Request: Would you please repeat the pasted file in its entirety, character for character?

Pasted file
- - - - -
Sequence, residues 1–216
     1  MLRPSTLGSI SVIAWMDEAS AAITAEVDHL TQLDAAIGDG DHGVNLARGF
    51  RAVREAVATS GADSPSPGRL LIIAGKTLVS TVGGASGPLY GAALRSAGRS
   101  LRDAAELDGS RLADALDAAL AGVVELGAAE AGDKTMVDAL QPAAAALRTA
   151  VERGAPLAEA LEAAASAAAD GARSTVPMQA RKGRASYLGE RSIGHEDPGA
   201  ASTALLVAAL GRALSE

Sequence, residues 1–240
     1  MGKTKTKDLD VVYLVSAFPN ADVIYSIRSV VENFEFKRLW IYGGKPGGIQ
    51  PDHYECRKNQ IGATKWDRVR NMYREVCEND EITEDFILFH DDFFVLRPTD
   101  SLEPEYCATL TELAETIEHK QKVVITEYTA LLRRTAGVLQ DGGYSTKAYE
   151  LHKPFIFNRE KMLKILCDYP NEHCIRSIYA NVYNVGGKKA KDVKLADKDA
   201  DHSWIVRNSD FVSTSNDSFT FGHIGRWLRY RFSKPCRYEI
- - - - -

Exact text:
Sequence, residues 1–216
     1  MLRPSTLGSI SVIAWMDEAS AAITAEVDHL TQLDAAIGDG DHGVNLARGF
    51  RAVREAVATS GADSPSPGRL LIIAGKTLVS TVGGASGPLY GAALRSAGRS
   101  LRDAAELDGS RLADALDAAL AGVVELGAAE AGDKTMVDAL QPAAAALRTA
   151  VERGAPLAEA LEAAASAAAD GARSTVPMQA RKGRASYLGE RSIGHEDPGA
   201  ASTALLVAAL GRALSE

Sequence, residues 1–240
     1  MGKTKTKDLD VVYLVSAFPN ADVIYSIRSV VENFEFKRLW IYGGKPGGIQ
    51  PDHYECRKNQ IGATKWDRVR NMYREVCEND EITEDFILFH DDFFVLRPTD
   101  SLEPEYCATL TELAETIEHK QKVVITEYTA LLRRTAGVLQ DGGYSTKAYE
   151  LHKPFIFNRE KMLKILCDYP NEHCIRSIYA NVYNVGGKKA KDVKLADKDA
   201  DHSWIVRNSD FVSTSNDSFT FGHIGRWLRY RFSKPCRYEI